Small Claims

Additional information in greater detail and forms can be obtained on line by using the link –

A small claims action may be filed if the claim does not exceed $10,000. All eviction cases and replevins are filed in small claims court. You are responsible for presenting your own case or you may seek legal counsel. It is not necessary to be represented by an attorney. The Clerk of Circuit Court, court commissioners and other court personnel are not authorized to provide legal advice. Small Claims procedures are contained in Chapter 799 of the Wisconsin Statutes. 


For most claims, the proper county to file your lawsuit is:

  1. Where the claim originated.
  2. Where the defendant resides.

*Please note, it is your responsibility to review the facts of your case and to decide where to file your action.


Small claims summons and complaint forms and garnishment packets may be obtained from the Clerk of Circuit Courts office, 1 S. Oneida Ave, Rhinelander, WI 54501. The original summons and complaint must be filed with the Clerk of Circuit Courts office. Forms are also available online. Please refer to the Quick Links or Forms icon.

Setting a Hearing Date

All Small Claims actions are scheduled by the Small Claims Clerk. Make sure that you allow adequate time to accomplish timely service. Remember that Saturdays, Sundays and holidays are not included in computing the number of days required for proper service. In eviction actions, the court date cannot be more than 30 days from the date you “issue” the summons. You “issue” the summons when you sign and date it. The defendant must be served at least five (5) days prior to the return date (first court date, also known as the return date). For all other Small Claims cases, the court date cannot be more than 30 days from the “issue” date. The defendant must be served at least eight (8) days prior to the return date.

Service of Summons

Summons and complaints can be mailed to the defendant if they live in the county and if the case is not an eviction or replevin action. All evictions and replevins must be served by the Sheriff Department or a process server. Other summons and complaint cases may also be served by the Sheriff Department or a process server. There are fees for service. A copy of the summons and complaint should be personally served on the defendant or a competent member of the defendant’s household. If, with reasonable diligence, the defendant cannot be personally served, the plaintiff may appear on the court date and ask for an adjournment to allow for service.  Proof of service must be filed with the Clerk’s office. For additional information please refer to the Basic Guide to Small Claims Service below.


The Plaintiff is not required to appear at the return date (first hearing), with the exception of eviction or replevin actions. For these actions, the Plaintiff is required to appear on the return date.  If the defendant does not appear, a judgment will be granted. Future hearings will be set according to need if the case is contested.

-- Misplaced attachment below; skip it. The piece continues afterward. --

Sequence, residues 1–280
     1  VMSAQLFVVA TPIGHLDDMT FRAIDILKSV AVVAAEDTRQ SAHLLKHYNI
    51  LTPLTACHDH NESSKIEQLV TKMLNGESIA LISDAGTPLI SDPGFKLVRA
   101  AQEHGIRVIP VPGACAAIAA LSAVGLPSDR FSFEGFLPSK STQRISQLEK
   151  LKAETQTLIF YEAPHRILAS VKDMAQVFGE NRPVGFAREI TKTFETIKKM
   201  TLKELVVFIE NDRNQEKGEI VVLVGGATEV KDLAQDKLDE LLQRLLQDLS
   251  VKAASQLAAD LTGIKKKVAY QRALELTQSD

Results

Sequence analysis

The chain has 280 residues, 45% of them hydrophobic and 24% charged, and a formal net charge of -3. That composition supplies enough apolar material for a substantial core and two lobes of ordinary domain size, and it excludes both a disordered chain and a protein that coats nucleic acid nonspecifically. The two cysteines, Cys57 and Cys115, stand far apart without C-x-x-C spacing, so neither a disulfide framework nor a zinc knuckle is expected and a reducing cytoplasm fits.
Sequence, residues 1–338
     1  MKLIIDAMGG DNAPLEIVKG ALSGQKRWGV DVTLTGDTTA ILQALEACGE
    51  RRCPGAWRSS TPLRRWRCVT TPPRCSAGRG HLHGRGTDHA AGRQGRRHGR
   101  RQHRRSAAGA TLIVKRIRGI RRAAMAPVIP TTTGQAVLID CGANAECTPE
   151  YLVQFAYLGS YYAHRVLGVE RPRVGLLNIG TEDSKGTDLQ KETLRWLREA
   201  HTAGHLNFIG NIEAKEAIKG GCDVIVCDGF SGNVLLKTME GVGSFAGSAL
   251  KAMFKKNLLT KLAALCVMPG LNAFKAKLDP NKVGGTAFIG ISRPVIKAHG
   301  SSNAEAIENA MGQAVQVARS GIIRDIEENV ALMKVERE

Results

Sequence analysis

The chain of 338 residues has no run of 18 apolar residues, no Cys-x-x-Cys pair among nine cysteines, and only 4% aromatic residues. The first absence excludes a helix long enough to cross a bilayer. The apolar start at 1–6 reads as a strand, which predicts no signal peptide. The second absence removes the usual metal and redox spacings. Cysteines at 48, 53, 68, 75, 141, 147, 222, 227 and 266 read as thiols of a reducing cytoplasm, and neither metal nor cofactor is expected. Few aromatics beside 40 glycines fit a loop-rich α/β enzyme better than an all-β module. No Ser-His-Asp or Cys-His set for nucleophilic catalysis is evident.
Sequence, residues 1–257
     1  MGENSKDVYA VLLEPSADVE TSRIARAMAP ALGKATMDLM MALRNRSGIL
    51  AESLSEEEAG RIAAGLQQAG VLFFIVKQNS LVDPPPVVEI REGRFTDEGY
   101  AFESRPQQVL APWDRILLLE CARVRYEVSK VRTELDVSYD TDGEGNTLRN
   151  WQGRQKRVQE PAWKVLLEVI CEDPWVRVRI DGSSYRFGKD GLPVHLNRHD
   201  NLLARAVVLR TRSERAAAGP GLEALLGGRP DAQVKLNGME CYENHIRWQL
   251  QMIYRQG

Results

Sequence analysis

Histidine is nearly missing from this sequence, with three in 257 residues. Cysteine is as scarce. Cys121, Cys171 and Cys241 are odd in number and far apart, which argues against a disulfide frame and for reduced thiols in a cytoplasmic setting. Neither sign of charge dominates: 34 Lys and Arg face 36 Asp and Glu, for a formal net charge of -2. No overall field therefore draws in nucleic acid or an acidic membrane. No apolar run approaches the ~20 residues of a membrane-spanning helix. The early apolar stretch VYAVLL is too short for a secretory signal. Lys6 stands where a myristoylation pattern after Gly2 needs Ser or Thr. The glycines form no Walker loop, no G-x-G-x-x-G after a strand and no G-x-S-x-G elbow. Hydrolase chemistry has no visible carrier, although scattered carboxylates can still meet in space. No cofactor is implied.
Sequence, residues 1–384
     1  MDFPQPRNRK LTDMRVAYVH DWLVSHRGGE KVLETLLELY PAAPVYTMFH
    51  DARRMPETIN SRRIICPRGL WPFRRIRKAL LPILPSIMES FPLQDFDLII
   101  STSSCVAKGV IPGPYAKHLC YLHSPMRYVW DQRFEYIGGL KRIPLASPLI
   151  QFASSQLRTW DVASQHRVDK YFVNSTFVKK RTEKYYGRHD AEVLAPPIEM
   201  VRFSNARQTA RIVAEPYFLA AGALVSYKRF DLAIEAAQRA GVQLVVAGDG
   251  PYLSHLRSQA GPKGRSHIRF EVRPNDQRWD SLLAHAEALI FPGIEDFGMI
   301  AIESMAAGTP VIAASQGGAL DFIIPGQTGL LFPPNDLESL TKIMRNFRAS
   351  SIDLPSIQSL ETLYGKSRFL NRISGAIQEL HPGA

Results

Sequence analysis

If a judgment is rendered by a judge after the final hearing or trial, it will be entered on the court record by clerk of circuit court staff and a Notice of Entry of Judgment will be mailed to each party at their last known address. This notice will state the amount of the judgment, including statutory costs.


State law directs the Clerk of Circuit Court to compute costs and insert them in the judgment in favor of the successful party as follows: filing fee, service fees, statutory attorney fees, witness fees, jury fees and any other costs which may be allowed by the court.

Disclosure of Assets

State law provides that a person obtaining a judgment for money is entitled to receive information regarding the financial status of the unsuccessful party within 15 working days after entry of judgment. Forms called Order for Financial Disclosure are available online or at the Clerk of Courts office. Failure of the judgment debtor (unsuccessful party) to provide this information in writing to the judgment creditor is punishable by court imposed sanctions. 


A court judgment in your favor does not automatically result in the payment of money. You must first initiate collection of a judgment. Further court procedures are necessary. The primary method available to small claims litigants for enforcing the payment of judgment are (A) Garnishment and (B) Writs of Execution. 

Docketing the Judgment

Once a judgment has been obtained, the judgment creditor may “docket” it with the Clerk of Court by paying a $5.00 fee. When a judgment is docketed, the effect is to place a lien on any real estate owned by the judgment debtor in Oneida County for 10 years. However, it is not required that a judgment be docketed to attempt collection from judgment debtor.

Reopening Judgment

The small claims court may reopen a default judgment. To reopen the judgment, a Notice of Motion and Motion to Reopen is prepared and filed with the Clerk of Court. A date and time of the hearing is obtained from the judicial assistant. A copy of notice of motion must be served on the opposing party before the motion date. The judge will determine whether the judgment will be set aside and a hearing held on the merits of the case.